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The satisfaction of sharing science

Published: Feb 4, 2019 5 min read

STEM learning

Didcot Girls STEM Club

At the STEM Inspiration Awards in November 2018, Didcot Girls School took home the title of Outstanding STEM Club, praised for its impact on girls' career choices and love of STEM it has inspired. We spoke to club leader Lynn Nickerson about her tireless work to bring STEM to life for her students. 

It’s the end of the first day back after the Christmas break and I’m tired. My colleagues are heading for the staff room or enjoying a cup of tea but I’m wheeling a trolley of equipment into a science lab, followed by a crowd of eager students. However, I soon forget my tiredness in the buzz of enthusiasm and practical work that is Science Club. Most after-school clubs don’t begin till next week, but Science Club is on today.

I think consistency is one of the keys to our success: week in, week out, for over 20 years we have been running hands-on STEM activities and students know that “If there’s school, there’s Science Club”. 

Today is the start of a crystal-growing project and I show the girls how to make a saturated copper sulfate solution. They work in groups to stir the blue powder into warm distilled water and I show them some of the beautiful diamond-shaped crystals I’ve saved from past years. The girls who grew them are adults now – some of them are professional scientists. We set the solutions aside to cool and see how many famous scientists we can name. I’ve seen a request in Chemistry World for schools to do this - there seems to be a lack of awareness of famous women scientists.

I’m encouraged to see that our students can name quite a few, although I’m not sure about “Ronald Franklin”. Was the girl who wrote that thinking of Rosalind?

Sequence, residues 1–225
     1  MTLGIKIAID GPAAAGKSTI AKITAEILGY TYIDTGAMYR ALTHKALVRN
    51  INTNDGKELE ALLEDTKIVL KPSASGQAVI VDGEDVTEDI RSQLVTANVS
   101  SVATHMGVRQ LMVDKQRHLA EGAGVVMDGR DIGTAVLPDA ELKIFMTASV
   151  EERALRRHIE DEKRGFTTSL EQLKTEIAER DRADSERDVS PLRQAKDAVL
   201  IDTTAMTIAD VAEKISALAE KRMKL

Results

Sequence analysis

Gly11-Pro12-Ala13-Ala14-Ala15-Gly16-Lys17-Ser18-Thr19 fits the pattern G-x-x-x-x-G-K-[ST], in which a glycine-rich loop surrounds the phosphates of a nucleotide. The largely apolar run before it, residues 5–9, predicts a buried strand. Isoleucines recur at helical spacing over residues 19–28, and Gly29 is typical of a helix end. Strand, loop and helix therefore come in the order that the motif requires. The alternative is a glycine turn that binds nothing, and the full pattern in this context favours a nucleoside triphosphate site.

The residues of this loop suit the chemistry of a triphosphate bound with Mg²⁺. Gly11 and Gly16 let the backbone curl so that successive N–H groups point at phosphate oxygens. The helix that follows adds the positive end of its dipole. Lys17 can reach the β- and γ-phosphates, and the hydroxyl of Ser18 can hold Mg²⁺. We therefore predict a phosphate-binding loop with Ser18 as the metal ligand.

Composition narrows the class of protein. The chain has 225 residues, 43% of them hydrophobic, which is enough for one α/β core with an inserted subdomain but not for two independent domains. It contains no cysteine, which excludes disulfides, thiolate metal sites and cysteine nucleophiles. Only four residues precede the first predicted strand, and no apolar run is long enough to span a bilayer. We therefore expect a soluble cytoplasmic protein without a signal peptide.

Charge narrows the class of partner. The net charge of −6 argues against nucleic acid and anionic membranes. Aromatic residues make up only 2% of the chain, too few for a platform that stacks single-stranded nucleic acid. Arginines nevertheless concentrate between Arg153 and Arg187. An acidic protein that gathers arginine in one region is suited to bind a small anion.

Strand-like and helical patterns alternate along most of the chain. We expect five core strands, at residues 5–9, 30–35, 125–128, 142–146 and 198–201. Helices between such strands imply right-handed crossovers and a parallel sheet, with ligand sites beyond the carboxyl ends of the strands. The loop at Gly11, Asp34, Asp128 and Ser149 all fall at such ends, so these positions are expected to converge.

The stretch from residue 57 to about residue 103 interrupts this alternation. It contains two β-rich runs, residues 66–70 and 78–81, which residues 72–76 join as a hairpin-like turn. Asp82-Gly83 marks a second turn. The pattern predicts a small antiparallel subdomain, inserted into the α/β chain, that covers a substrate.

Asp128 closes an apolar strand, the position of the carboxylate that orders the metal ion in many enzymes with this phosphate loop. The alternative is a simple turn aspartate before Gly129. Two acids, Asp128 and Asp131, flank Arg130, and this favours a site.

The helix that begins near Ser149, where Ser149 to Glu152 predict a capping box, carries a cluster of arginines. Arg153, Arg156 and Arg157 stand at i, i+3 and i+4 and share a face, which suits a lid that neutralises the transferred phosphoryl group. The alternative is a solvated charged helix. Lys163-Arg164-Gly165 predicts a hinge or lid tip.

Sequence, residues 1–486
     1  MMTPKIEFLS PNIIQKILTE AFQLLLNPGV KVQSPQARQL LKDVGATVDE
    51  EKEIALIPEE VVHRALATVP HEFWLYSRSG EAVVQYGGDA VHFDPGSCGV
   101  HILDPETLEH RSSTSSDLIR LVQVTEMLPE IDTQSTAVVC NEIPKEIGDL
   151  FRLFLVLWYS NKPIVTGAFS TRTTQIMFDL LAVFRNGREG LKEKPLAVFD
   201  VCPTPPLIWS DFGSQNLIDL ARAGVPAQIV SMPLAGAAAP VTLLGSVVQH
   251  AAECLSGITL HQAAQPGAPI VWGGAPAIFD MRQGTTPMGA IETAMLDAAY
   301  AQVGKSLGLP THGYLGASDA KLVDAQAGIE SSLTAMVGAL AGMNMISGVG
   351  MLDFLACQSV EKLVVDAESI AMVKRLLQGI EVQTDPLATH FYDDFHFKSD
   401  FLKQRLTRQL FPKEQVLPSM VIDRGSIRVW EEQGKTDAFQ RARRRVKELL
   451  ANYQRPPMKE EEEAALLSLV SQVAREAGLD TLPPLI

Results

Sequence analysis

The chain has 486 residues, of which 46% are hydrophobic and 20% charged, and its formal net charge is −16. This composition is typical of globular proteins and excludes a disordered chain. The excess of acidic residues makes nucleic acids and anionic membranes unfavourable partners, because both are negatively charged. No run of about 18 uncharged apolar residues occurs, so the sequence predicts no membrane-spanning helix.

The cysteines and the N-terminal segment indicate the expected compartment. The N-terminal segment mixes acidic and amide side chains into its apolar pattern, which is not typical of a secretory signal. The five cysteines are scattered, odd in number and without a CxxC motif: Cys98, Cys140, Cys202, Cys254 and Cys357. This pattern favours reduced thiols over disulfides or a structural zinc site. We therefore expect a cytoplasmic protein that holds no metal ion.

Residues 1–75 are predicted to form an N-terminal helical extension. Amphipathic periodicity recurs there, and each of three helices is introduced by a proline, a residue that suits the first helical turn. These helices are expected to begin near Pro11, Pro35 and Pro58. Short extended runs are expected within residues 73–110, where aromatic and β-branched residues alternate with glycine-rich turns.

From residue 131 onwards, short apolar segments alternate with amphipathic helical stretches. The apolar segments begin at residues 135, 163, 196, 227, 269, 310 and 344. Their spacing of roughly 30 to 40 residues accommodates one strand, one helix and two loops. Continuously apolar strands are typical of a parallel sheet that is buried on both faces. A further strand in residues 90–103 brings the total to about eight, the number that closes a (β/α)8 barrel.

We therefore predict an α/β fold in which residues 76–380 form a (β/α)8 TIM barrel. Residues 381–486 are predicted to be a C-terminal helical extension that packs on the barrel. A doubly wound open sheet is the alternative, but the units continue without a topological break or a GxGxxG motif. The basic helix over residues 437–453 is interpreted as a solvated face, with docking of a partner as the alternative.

During the week I check on the copper sulfate solutions. Some are producing suitable crystals, others aren't. As long as we get enough seed crystals for everyone that’s fine. I don’t tinker with the solutions. It’s good for the girls to discover that if their solution wasn’t saturated, then it won't produce any crystals. Next week they will make alum seed crystals, so if there was a problem, they can work out what went wrong and try again.

"I want STEM to be seen in the same way as art, sport, music or drama - something that enriches the participants and the school and is worthy of celebration."

The following week we have our usual attendance of 40+ students who each tie a tiny seed crystal onto cotton thread. The seed crystals dangle inside little plastic pots awaiting the addition of more warm saturated solution. I’ve learned to prepare this crucial solution myself. If it’s not fully saturated, the seed crystals will dissolve and all that's left will be an empty loop of cotton.

I do believe in letting students learn from their mistakes but I don’t want them to get discouraged. The crystals we grow will go into a display cabinet so everyone in the school can see them. I want STEM to be seen in the same way as art, sport, music or drama - something that enriches the participants and the school and is worthy of celebration.

Plans for the rest of the term include making “geodes” with alum crystals in eggshells, three sessions of microbiology with a parent who is a microbiologist, surveying the school field for worms (the BTO’s What’s Under Your Feet project) and visiting a local science festival. It’s important to keep the activities varied so that the girls (and I) don’t get bored.

I’ve found that a mixture of challenges, competitions, creative activities and chemistry works well. Most activities can be turned into a competition: who can make the loudest hydrogen pop? Or whose paper snowflake falls the slowest?

Science and creativity make a great combination. We had a mini art exhibition after making “magic paper” with red cabbage extract and filter paper, and then using acids and alkalis to make a range of colours. Before Christmas, we made borax beads on copper wire and twisted these together into “chemistrees”, one of which won the RSC Chemistree competition. In previous years we’ve written and performed science dramas, made short films and put together workshops which we’ve taken into local primary schools.

Senior Science Club meets after school on a different day. Students here are working on different projects. Some are finishing off Silver CREST Awards, others are making DNA models; they are more independent and I’m more of a mentor than a teacher.

The age group and the activities might be different, but ultimately both sections are about sharing my enjoyment of science with young people, creating an environment where it’s ok to fail, supporting them to find out what went wrong and to try again, to be curious and to enjoy practical science.

It does take extra time and effort to plan and lead the sessions, I sometimes cast a wistful glance at my colleagues who can have that cuppa after school, but the satisfaction of sharing STEM without learning objectives, exercise books or assessment makes it the highlight of my week.